The selection of administration tools is also similar in the two distributions. However, at first you might think that Fedora has fewer because they are divided between the Application -> System Tools and System -> Administration menus.
Even when the distributions include different applications for the same function, you frequently need to be watching closely to see the difference. The most obvious example of this similarity is Fedora's PackageKit and the Ubuntu Software Center, the tools used for the installation of software packages.
Although developed separately and arranged differently in their windows, the functionality is almost identical, so much so that a casual user is unlikely to guess that Fedora uses .RPM packages and Ubuntu .DEB packages. Although PackageKit has more options for filtering the results that are displayed, the most visible difference is the larger size of the Ubuntu Software Center's icons, which makes the package installer superficially more user-friendly.
For the security conscious, Fedora has an edge because of its use of SELinux, which is more comprehensible and more customizable than Ubuntu's AppArmor. Yet this advantage is subjective, given that SELinux is more complex and harder to use. Someone wishing to learn more about security, or to turn it off, might well prefer Ubuntu's AppArmor.
The default choices in the latest Ubuntu and Fedora releases are both based on a version of the GNOME desktop that represents eight years of constant evolution. Each distribution modifies the desktop, but rarely to an extent that the other cannot duplicate it with twenty minutes of adjusting features and installing software.
Another implication of GNOME's maturity is that apparently little can be done to improve it without radical changes. True, Ubuntu's new default theme may be more commercial than Fedora's in that it reminds people of Windows and OS X color scheme. Yet, overall, I have trouble seeing that Ubuntu's emphasis on usability for the past year has enhanced the GNOME desktop to any significant degree.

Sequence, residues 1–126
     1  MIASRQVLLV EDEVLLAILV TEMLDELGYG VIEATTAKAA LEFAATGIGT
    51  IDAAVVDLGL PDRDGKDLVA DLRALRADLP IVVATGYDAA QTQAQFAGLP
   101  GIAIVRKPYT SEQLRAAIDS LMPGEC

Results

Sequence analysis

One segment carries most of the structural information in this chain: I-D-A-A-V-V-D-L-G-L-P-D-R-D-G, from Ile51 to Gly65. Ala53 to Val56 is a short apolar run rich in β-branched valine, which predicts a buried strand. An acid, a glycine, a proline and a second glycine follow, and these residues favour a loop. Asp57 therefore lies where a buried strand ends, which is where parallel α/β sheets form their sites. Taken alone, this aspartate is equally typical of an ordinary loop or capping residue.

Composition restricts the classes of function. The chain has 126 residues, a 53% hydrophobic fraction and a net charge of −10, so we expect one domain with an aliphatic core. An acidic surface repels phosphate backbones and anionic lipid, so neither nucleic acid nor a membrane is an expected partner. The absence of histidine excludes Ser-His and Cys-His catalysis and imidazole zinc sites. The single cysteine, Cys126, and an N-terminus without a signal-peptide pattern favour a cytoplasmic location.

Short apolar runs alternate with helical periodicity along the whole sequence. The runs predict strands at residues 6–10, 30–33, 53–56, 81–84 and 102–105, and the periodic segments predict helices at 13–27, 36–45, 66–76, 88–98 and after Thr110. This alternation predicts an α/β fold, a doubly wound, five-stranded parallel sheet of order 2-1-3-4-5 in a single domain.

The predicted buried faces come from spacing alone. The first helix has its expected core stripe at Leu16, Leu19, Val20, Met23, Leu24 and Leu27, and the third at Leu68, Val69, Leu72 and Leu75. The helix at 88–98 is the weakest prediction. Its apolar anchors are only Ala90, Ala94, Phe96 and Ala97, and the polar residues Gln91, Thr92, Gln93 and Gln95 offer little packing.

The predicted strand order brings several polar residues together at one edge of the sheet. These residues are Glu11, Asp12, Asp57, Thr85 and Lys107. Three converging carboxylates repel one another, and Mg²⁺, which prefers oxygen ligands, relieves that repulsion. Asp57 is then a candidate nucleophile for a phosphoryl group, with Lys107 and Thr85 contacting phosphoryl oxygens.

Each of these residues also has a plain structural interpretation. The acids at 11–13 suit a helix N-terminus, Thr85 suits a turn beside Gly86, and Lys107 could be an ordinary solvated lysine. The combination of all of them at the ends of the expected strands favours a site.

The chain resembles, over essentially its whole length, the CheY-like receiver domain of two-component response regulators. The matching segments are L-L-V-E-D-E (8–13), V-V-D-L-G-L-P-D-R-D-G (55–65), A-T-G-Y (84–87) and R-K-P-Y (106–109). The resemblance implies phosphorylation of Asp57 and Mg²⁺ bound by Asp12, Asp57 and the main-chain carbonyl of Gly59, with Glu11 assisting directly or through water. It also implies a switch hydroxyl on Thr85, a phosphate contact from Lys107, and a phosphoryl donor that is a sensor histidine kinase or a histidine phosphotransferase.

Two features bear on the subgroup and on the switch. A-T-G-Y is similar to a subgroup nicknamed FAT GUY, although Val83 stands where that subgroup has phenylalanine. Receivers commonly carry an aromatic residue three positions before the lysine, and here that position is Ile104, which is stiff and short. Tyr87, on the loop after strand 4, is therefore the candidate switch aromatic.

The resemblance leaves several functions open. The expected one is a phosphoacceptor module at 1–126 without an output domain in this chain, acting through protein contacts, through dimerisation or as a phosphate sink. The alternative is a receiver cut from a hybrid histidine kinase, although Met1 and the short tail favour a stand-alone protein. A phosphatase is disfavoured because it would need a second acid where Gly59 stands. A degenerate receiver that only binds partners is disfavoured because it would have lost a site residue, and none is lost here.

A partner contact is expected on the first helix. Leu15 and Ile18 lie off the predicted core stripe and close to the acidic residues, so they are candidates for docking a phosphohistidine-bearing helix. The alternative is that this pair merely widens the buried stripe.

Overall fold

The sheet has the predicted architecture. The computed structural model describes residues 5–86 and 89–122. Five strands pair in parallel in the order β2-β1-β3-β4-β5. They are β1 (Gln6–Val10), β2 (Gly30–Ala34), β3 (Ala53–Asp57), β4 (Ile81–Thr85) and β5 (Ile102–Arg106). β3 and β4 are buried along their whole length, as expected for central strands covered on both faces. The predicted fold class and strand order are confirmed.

Fedora's treatment of GNOME is almost as usable -- and, at any rate, Ubuntu's in-house changes will likely be swept away (together with any advantages) by the release three months from now of GNOME 3.0, which will present an entirely different interface in the GNOME Shell.
No doubt that is why Ubuntu's next release will not include the GNOME Shell.
Of course, users might have other reasons for preferring either Ubuntu 10.04 or Fedora 13. For those who just want their desktop to work, the inclusion of proprietary extras might be a reason for preferring Ubuntu. Others, believing in free software ideals, might prefer Fedora's banning of proprietary elements. Similarly, Ubuntu's faster boot time might appeal to some, while the easy of editing with Legacy GRUB might be the deciding factor in favor of Fedora in some cases.
Only one thing seems sure: your preference of one over the other is going to be based on details that others might dismiss as trivial. Given the common origin in GNOME and the high degree of customization that GNOME encourages, the functional advantage of either distribution is usually going to be minimal at least ninety percent of the time.
To devoted fans, the differences in the distros may loom large, but I suspect that the rest of us are unlikely to agree. These days, a change of desktops within a distribution is probably going to seem a more disruptive change than switching from one GNOME-based distribution to another.